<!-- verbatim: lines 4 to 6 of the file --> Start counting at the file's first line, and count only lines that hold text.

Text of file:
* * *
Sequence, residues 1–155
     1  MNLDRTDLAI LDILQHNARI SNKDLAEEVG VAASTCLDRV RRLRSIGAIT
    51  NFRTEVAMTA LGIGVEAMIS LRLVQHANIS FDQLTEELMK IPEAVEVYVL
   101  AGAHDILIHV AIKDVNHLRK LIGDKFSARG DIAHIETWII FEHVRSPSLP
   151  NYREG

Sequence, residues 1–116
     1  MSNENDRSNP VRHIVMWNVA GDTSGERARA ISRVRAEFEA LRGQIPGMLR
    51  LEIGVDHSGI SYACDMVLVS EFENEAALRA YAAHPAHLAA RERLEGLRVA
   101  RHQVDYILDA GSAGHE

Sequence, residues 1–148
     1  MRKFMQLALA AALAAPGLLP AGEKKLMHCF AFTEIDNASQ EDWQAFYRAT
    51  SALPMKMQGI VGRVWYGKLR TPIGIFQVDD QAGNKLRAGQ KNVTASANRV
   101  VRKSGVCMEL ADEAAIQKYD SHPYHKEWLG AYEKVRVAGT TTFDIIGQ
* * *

   101  AGAHDILIHV AIKDVNHLRK LIGDKFSARG DIAHIETWII FEHVRSPSLP
   151  NYREG

Sequence, residues 1–116